Does anybody believe they can beat Dublin?

Does anybody believe they can beat Dublin?

WHATEVER achievements await them in primrose and blue, the Roscommon under-21s will always look back on Saturday’s All-Ireland final with profound regret.

For no matter how much those around them lie to them, no matter how much they lie to themselves, the players will know that their late revival did not mask the truth: the game was an embarrassment.

There is no other conclusion to arrive at from a match that at one point bore the incredible score of 1-17 to 0-1. One cannot now argue that Roscommon had much chance of beating Dublin but no team should slip to such depths, let alone one that had hammered a promising Mayo outfit and were the deserving masters of a fine Cork team in the semi-final.

The debate now is whether Dublin have simply been blessed with a couple of generations of brilliant footballers, or their dominance is a portent of things to come, now that football in the capital is so popular and well-resourced.

It is too soon to tell, although we would suggest that a team that takes a 19-point lead in a final without their best player, powered by an awesome full-forward line, two of whom are underage at this grade next year, is something extraordinary.

In that context Roscommon might at least take comfort from the obvious truth that they will not be the last team to suffer humiliation against Dublin in a big game. Hell, they are not even the first; Kildare last year and Cork this year were guilty of similarly abject surrenders at senior level, both in the semi-finals of prestigious competitions.

There is a very strong likelihood that Dublin will win Sam Maguire this September for the third time in four years.

That is not the same as saying they are unbeatable; indeed, it is the responsibility of every serious football team that meets them this summer to stretch themselves and maybe even the rules to the limit in an attempt to do the same to the Dubs, for championships must be earned.

Cormac Costello of Dublin and Thomas Featherston of Roscommon battle for the ball Cormac Costello of Dublin and Thomas Featherston of Roscommon battle for the ball

That was what was so disappointing about Tullamore on Saturday, about Kildare last year, about Cork and Derry this year. All those teams, cowed by a lack of self-belief, varying degrees of tactical naivety and too little defiance, offered no test.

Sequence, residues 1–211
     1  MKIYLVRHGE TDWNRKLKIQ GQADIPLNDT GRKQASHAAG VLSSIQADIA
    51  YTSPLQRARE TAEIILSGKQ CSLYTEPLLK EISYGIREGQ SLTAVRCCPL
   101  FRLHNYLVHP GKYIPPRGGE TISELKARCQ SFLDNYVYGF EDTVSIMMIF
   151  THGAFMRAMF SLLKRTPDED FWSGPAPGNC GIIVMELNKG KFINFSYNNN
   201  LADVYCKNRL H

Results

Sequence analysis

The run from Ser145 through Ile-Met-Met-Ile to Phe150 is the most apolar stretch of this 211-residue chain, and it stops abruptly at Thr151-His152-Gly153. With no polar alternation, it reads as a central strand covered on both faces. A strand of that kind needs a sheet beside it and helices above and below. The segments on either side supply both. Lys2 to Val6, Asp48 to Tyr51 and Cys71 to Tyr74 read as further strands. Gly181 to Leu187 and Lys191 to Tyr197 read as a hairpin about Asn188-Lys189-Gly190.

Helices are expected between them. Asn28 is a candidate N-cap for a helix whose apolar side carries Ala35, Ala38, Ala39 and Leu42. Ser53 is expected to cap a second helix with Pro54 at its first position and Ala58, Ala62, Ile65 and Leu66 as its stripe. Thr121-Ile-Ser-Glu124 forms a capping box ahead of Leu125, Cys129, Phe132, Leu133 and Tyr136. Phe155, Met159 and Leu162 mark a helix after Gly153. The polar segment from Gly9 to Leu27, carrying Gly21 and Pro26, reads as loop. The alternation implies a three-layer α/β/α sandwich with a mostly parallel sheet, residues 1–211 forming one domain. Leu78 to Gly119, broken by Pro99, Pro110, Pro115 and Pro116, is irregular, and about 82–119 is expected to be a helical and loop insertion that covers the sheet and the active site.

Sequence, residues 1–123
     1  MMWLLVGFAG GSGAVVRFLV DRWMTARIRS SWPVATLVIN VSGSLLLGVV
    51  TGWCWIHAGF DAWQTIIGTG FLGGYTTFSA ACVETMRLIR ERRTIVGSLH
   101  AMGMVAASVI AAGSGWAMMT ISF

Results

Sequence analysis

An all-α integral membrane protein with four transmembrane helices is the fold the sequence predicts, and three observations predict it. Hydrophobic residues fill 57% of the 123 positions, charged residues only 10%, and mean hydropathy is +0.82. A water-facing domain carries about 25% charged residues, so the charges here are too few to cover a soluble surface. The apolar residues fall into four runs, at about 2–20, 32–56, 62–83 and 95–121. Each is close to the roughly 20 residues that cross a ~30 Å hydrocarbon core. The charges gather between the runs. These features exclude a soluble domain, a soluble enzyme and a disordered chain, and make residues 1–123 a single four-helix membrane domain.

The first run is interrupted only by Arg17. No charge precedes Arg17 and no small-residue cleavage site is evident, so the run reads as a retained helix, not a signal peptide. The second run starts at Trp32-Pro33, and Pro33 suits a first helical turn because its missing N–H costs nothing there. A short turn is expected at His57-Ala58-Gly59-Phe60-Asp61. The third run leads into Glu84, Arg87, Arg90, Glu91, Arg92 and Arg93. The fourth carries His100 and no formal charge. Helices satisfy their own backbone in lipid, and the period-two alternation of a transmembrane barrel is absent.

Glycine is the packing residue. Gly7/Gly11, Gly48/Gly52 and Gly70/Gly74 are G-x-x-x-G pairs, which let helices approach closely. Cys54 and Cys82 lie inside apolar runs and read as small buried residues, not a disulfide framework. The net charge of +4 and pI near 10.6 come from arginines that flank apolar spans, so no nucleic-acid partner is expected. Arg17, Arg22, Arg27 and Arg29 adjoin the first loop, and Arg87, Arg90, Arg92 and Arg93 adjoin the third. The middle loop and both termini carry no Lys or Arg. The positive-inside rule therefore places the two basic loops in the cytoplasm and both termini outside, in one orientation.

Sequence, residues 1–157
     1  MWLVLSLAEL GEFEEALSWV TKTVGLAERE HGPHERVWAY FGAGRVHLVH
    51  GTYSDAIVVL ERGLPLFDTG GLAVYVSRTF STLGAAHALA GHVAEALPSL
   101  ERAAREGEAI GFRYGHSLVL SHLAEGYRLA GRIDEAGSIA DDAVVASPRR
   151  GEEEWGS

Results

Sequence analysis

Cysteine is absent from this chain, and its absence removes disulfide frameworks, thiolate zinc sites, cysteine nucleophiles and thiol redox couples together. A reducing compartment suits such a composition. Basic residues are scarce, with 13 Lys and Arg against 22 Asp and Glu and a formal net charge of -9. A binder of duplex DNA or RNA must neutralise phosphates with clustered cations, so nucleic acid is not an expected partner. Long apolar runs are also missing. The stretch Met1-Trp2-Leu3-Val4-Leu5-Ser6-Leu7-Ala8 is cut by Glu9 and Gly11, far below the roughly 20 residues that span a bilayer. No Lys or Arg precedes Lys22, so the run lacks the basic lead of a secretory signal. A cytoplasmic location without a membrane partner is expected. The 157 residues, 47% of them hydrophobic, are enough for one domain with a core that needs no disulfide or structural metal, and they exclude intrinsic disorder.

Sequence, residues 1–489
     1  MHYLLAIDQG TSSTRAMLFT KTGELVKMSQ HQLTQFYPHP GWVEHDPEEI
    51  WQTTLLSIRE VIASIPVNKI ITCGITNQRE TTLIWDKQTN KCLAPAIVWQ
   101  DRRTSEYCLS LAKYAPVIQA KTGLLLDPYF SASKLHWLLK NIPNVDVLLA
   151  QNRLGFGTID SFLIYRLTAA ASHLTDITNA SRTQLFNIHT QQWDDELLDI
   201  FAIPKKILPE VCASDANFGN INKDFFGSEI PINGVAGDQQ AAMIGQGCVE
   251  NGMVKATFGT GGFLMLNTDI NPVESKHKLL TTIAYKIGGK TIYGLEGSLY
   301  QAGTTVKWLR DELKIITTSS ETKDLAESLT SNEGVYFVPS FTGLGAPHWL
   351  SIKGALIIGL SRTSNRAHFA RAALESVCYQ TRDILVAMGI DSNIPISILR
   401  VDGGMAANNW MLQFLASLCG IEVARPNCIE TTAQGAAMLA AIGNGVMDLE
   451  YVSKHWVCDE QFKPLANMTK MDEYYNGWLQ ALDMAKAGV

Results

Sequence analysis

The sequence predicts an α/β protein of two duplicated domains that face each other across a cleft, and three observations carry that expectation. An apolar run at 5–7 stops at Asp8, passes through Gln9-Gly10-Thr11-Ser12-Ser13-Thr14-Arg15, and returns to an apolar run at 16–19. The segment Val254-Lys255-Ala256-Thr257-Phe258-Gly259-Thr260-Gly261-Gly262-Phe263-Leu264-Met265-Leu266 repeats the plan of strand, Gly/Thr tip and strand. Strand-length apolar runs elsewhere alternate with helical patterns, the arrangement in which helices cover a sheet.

In approaching the problem of how to beat Dublin, it might be instructive to look at what all those teams, and particularly Roscommon, did not do.

Whether it was a lack of work-rate, a case of freezing on the day, a misguided game plan, or all three, the Sheepstealers full-back line — flagged beforehand as a weak point — often ended up in one-on-one battles with Paul Mannion, Cormac Costello and Conor McHugh.

You know this is the wrong thing to do because Dublin would never do it; there was a swarm of young men in blue protecting their inside backs even when the game was over, and even though they conceded three goals.

Offering an even contest for kick-outs goes in tandem with that; Roscommon could not manage it, and both failings were identical to those that afflicted Cork in the league semi-final.

James Horan has been accused of being too obsessed with strangling Dublin’s kick-out plan, but it seems the only sensible option, one that is perhaps the cornerstone of Mayo’s ability to at least offer the champions a close game.

In additon, this view that the black card means you cannot defend properly is nonsense. Donegal’s success in 2012 was hardly based on dragging attackers to the ground; indeed, they were disciplined in not giving away many scoreable frees.

No matter how creative or accurate you are up front, you cannot hope to beat Dublin while giving away goals. Kerry had one of the best forwards of all-time give perhaps his greatest display last year, and still lost.

The team that might beat Dublin must above all possess a great deal of self-belief, an arrogance and defiance that borders on the unwholesome. Tyrone still look short of All-Ireland material, and have endured uneven results in recent years, but they cannot be accused of being beaten before the ball is thrown in against Dublin.

They have played strong sky blue teams three times in the past two seasons and not lost by more than a score.

As a consequence, when they conceded two quick goals to Dublin this spring, they did not down tools, as all the teams mentioned above did. Things might be different in championships, but the healthy arrogance that is synonomous with Tyrone GAA is still the attitude needed to trouble the metropolitan machine.

Jim Gavin has that much talent at his disposal that a team might meet all our criteria and still lose.

But as Roscommon U21s would tell you, it is infinitely preferable to play to your limits and lose than to be left to wonder. Win or lose, whatever teams can test out Dublin’s mental strength this summer will have proven their own.